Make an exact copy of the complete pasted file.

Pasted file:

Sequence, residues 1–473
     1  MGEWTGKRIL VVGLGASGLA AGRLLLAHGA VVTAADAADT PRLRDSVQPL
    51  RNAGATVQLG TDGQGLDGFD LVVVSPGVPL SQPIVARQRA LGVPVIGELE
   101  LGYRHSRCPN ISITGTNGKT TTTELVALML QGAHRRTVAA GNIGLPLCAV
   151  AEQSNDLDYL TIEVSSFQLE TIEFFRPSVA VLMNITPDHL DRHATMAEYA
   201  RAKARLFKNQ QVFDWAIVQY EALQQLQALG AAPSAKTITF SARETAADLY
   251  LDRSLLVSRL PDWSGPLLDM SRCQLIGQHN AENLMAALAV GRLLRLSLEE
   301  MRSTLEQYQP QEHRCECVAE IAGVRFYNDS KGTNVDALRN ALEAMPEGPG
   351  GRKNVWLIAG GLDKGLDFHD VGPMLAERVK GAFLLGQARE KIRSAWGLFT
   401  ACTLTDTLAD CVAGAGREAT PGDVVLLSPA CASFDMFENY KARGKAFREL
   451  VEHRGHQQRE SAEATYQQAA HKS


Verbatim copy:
Sequence, residues 1–473
     1  MGEWTGKRIL VVGLGASGLA AGRLLLAHGA VVTAADAADT PRLRDSVQPL
    51  RNAGATVQLG TDGQGLDGFD LVVVSPGVPL SQPIVARQRA LGVPVIGELE
   101  LGYRHSRCPN ISITGTNGKT TTTELVALML QGAHRRTVAA GNIGLPLCAV
   151  AEQSNDLDYL TIEVSSFQLE TIEFFRPSVA VLMNITPDHL DRHATMAEYA
   201  RAKARLFKNQ QVFDWAIVQY EALQQLQALG AAPSAKTITF SARETAADLY
   251  LDRSLLVSRL PDWSGPLLDM SRCQLIGQHN AENLMAALAV GRLLRLSLEE
   301  MRSTLEQYQP QEHRCECVAE IAGVRFYNDS KGTNVDALRN ALEAMPEGPG
   351  GRKNVWLIAG GLDKGLDFHD VGPMLAERVK GAFLLGQARE KIRSAWGLFT
   401  ACTLTDTLAD CVAGAGREAT PGDVVLLSPA CASFDMFENY KARGKAFREL
   451  VEHRGHQQRE SAEATYQQAA HKS